Some Medicare recipients received their monthly premium bills later than usual this month, smack in the middle of the busy holiday mail season, with a payment deadline of Christmas Day.
The Centers for Medicare & Medicaid Services has been fielding complaints, according to Raymond Thorn, a CMS spokesman.
There have been “calls of displeasure about the late bills,” he said.
He said a mail problem might be to blame. The agency did not respond to questions on the number of people impacted and whether it was a national or regional occurrence.
Not everybody pays Medicare premiums by snail mail.
Recipients who also receive Social Security benefits have their premiums automatically deducted from their Social Security every month, Thorn said.
And for people participating in Medicare but not Social Security, Medicare’s Easy Pay system lets them pay premiums electronically, directly through a designated checking or savings account, he said.
People using Easy Pay had their monthly Part B premiums deducted as usual on Dec. 20, Thorn said. He could not immediately say how many people were affected by the late-arriving paper bills.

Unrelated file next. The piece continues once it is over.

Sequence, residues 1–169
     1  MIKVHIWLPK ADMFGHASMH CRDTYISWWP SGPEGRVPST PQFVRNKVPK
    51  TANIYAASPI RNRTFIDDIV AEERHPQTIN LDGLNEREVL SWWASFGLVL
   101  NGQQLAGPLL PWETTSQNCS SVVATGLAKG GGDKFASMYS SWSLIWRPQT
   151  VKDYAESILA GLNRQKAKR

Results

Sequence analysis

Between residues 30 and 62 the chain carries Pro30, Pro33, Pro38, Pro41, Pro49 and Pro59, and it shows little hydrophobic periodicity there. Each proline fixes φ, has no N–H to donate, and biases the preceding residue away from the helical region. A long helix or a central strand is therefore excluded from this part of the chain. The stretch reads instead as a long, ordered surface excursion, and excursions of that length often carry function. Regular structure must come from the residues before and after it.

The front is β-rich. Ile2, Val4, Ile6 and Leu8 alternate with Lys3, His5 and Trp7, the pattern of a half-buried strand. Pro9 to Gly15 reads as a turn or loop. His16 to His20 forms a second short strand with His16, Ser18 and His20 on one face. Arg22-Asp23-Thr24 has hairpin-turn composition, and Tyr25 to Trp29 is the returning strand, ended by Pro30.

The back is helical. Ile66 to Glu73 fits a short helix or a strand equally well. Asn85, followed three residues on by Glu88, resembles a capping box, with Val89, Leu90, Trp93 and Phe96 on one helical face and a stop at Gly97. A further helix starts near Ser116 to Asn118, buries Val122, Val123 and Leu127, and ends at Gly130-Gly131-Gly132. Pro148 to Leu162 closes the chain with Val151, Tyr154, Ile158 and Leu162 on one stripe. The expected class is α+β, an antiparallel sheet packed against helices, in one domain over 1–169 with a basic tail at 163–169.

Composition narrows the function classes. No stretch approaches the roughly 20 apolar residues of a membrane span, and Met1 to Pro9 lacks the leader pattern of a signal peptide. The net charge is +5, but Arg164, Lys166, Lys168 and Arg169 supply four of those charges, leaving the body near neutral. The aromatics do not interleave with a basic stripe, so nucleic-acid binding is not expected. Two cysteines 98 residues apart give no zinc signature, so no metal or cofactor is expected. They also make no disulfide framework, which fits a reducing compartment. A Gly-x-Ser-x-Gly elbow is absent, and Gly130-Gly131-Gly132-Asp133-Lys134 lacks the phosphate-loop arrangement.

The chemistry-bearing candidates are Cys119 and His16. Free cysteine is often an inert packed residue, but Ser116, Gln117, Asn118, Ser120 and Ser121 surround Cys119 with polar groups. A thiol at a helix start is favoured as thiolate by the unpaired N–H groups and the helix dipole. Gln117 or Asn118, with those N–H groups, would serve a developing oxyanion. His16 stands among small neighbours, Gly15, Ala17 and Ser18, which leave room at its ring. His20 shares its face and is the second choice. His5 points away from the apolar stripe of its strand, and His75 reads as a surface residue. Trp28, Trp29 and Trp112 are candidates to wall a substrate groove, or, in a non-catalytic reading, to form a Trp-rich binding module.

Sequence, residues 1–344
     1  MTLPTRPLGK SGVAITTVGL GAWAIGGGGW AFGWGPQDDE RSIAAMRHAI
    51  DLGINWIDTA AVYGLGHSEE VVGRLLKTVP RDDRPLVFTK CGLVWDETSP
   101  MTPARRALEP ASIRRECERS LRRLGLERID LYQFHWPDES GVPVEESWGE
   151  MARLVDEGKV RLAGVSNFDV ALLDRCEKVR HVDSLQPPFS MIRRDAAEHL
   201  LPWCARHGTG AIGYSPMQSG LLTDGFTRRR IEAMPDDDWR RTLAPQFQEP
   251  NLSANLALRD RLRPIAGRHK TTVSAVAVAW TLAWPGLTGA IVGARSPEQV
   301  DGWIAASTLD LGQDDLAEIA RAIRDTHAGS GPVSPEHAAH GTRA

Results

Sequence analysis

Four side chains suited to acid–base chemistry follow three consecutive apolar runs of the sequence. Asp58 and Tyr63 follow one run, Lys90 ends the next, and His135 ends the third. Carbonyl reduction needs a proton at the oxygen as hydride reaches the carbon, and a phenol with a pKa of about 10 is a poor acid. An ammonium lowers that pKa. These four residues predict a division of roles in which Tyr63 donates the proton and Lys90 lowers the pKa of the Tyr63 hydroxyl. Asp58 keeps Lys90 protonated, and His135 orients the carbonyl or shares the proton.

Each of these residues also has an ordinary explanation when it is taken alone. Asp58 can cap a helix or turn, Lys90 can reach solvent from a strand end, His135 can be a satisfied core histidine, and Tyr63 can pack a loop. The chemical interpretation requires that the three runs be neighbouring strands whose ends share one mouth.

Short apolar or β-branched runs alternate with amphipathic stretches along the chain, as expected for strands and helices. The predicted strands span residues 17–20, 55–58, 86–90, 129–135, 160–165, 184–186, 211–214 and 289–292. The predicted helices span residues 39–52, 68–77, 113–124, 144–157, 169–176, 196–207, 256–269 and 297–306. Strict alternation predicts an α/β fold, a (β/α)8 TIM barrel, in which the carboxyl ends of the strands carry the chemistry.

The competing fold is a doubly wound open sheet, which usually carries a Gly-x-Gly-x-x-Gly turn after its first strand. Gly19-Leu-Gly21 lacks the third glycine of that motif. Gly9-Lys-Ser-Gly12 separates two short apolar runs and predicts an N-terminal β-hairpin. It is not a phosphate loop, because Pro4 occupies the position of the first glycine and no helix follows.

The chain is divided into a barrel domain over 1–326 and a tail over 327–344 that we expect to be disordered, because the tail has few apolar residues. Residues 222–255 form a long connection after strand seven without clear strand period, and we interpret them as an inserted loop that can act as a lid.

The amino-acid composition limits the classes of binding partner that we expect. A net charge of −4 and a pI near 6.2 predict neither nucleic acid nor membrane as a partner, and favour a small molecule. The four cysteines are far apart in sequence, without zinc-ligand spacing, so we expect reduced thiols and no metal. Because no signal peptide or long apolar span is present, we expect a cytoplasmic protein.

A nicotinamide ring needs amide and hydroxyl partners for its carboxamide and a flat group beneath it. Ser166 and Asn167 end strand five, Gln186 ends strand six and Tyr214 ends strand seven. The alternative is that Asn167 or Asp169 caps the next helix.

Under standard protocols, after a Medicare recipient receives the first notice of a premium being due, if it remains unpaid, a second notice goes out saying the payment is 60 days late, Thorn said.
If the premium still is unpaid, next is a delinquency notice and final bill saying the payment is 90 days late, he said.
At the Postal Service, a spokesman said even though both Dec. 24 and 25 are federal holidays, mail delivery will take place on Christmas Eve. That day, USPS retail counters will be open until noon across the U.S. and, at some locations, later, said David Partenheimer, a USPS spokesman.
He advised checking with your local post office for specifics on its Christmas Eve hours.